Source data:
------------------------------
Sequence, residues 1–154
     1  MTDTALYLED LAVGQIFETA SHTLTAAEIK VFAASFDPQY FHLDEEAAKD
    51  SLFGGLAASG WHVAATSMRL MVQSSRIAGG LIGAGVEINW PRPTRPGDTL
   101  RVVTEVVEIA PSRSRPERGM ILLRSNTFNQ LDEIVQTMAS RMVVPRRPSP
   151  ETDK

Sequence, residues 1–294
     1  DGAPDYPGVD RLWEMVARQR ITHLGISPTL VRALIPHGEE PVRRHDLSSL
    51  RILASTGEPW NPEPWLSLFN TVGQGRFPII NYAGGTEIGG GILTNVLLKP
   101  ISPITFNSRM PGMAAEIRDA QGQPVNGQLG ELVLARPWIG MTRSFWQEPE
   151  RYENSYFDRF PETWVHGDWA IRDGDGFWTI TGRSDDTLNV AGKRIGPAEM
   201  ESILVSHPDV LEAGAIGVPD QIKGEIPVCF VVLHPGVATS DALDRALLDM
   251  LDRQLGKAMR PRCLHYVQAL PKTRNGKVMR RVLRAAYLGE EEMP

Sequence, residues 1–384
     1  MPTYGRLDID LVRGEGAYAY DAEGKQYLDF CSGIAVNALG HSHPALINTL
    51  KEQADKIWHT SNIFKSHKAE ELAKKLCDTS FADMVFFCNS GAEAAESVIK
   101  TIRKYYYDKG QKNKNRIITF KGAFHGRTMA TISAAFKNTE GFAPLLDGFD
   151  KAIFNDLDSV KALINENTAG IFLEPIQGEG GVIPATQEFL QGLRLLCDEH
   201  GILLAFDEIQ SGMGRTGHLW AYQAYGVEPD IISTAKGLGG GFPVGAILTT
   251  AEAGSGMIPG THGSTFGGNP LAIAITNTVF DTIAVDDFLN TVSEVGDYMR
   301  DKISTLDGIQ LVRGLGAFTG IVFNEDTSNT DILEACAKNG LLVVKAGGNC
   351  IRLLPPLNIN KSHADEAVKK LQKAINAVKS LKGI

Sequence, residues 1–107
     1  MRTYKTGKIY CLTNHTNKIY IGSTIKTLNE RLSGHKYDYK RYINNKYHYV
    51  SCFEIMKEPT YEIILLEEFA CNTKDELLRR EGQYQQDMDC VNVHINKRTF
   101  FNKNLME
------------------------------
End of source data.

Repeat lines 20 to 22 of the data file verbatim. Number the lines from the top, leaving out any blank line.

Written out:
   301  DKISTLDGIQ LVRGLGAFTG IVFNEDTSNT DILEACAKNG LLVVKAGGNC
   351  IRLLPPLNIN KSHADEAVKK LQKAINAVKS LKGI

Sequence, residues 1–107